Dr. King, What would You Say if You were Alive Today?

Ancient Testimony ~ Matthew 25: 34-40

January 18, 2009

by Rev. Dr. Donna Schaper
Senior Minister

If King were alive today, what would he say? He would say “Wow” and take his seat, an 80-year-old man wrapped in a good blanket at the inauguration of the first African American president. He would surely cry. He would surely have been asked to give the prayer. He would surely have been praying. In his prayer, he would have broken with his youngest child, Bernice, who doesn’t believe in gay marriage. He would surely have been trying to build a coalition between Rick Warren’s people and Bishop Robinson’s people.1 Then he would leave the praying and the stands and the blanket and go back to work.

King, alive today, would direct us to Matthew, whose words transcend the 21st century as much as they transcended the Sixties. “Who will inherit the time of God?” ask the disciples of Jesus. The hungry, that’s who. The hungry will inherit the foundation of the world. The thirsty, also. The naked, also. The sick, as well. And the imprisoned, too. Do you want to find God? Do you want to find Jesus? Do you want to inherit the commonwealth of God, do you want to go to heaven, do you want to be a part of the foundation of the earth? Do you want to be blessed? You will find blessedness and eternal life and the time of God in the hungry, the thirsty, the naked, the sick, the imprisoned, and the stranger. Of all the words of Jesus, these are his best and his most troubling. We remember King because he understood Jesus. He did not forget where Jesus was to be found: “Truly I tell you, just as you did it to one of the least of these who are members of my family, you did it to me.”

This will also be the measure of the new Obama administration. What will he do for the last, the least, and the lost? It is also the measure of our own days.

Yesterday three of your ministers—Michael Ellick and I and community minister Prabhu Subramanyam—had the privilege of being cursed out on the phone by a woman angry at us for not giving her money. As she put it, and I’ll save you most of her language, “I don’t need your damn moral support, I need money.” One of the privileges of my days is being cursed out by poor people for not doing enough for them. Another privilege is sitting on the 9th floor of the Federal Building watching government workers make fun of people who don’t speak English. “Aren’t you trying to be an American,” said the Immigration and Customs Enforcement (ICE) worker. “You don’t even speak English. What’s that about?” E-mails also flowed on Friday and Saturday because we held a fundraiser here on Friday night for the people of Gaza. Many, many people, mostly Jews, declared this fundraiser ungodly. I don’t know which God they were serving, but it was not Dr. King’s. I wish I could brag a little more about how closely we were able to touch the garbage and garbage workers of the world, but that would miss the point. I wish we were closer to the time of God here. We are not. We are getting closer, but we’re still pre-heaven, pre-salvation, pre-intimacy with the poor, which is to say we are not yet saved. Both Bishop Robinson and Rick Warren would understand.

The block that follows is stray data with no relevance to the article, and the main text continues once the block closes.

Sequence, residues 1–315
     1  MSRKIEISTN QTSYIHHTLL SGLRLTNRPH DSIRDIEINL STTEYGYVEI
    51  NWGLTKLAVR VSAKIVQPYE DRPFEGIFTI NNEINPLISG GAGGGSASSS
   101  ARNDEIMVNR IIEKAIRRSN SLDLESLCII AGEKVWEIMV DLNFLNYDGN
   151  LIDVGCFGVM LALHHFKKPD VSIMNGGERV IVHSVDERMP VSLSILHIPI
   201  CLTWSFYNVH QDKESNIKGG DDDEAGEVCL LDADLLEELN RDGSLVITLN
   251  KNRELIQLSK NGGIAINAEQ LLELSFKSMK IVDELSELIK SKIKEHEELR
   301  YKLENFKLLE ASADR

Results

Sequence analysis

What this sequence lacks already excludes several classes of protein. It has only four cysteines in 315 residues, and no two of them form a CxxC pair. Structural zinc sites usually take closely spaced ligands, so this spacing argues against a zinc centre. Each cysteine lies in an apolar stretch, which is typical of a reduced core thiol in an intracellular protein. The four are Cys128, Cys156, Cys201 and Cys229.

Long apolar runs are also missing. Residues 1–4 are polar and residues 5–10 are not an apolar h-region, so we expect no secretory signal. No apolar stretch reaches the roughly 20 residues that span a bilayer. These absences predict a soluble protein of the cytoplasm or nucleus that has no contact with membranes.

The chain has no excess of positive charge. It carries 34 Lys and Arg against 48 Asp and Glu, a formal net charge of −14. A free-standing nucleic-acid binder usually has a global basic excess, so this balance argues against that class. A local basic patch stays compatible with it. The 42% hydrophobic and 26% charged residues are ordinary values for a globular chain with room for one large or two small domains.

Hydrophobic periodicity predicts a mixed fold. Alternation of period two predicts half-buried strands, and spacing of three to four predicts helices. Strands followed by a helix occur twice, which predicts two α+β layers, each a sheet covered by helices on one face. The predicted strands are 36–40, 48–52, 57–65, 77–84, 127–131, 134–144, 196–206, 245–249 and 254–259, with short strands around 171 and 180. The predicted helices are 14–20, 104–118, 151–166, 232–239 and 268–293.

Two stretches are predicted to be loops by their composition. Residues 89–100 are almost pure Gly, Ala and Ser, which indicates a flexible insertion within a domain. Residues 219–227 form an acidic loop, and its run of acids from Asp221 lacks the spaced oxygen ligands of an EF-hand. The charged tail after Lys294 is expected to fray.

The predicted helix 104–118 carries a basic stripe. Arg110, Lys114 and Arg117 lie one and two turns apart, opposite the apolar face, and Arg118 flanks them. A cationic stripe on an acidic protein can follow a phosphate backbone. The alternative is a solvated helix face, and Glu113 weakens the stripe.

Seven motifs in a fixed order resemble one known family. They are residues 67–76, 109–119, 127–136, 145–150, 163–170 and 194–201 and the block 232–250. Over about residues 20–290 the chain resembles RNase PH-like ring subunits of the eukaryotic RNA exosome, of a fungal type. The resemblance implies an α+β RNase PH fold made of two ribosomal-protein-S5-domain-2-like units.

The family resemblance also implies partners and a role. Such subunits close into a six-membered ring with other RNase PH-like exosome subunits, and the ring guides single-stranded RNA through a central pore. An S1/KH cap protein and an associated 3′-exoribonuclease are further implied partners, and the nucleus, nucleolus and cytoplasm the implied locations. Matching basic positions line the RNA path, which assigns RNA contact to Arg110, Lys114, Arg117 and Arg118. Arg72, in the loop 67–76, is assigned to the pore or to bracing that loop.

These are the kinds of times that can push us toward salvation: rivers catch planes, people walk off the wings, they don’t freeze, and they don’t die; the mayor makes speeches that sound really, really true, honoring the working people of New York, who show up in ferries and water taxis and Circle Lines and diving gear; gay bishops join evangelical megachurch men in giving prayers for—take a deep breath—the first African American president of the United States. I don’t even know that Dr. King meant that when he described what he would not see himself. I think he meant something a little more modest than a descendent of slaves moving into the main house, with the main power, the main budget, and the secret service carrying his BlackBerry around. What King could not imagine, we witness. What King did not get to see, we see.

I don’t know about you, but I am out of hard drive. I don’t have much more room to take much more excitement. I am surfeit with satisfaction. I, too, never thought I would live to see days like this. These are days when the cup overflows. This is a time of signs and wonders. They drive us back to Jesus and his words. What Jesus was saying is what King would say if he were alive today.

He would say that today is a great day to remember the people whose loved ones did not get out of airplanes. What must this day be like for them? What is this day like for the ferryboat captains who didn’t respond, couldn’t respond, were off on vacation that day? What about the people who miss the excitement? And what about the people who miss the justice, like those imprisoned for five grams of crack cocaine who know that 500 grams of powdered cocaine (the drug of choice for the white and the wealthy) gets a lighter sentence?2 What will it be like to watch the inauguration from the community room at Sing Sing or at the Vet Hospital or the detention center on Varick Street?

King would tell us it is a great day to take a good long look at the ice of the American experience, which is different than the American dream. The American dream is liberty and justice for all. It is not the American experience. The American experience is planes dropping and very few noticing, much less coming to their rescue. The American experience and the American dream are separate and distinct.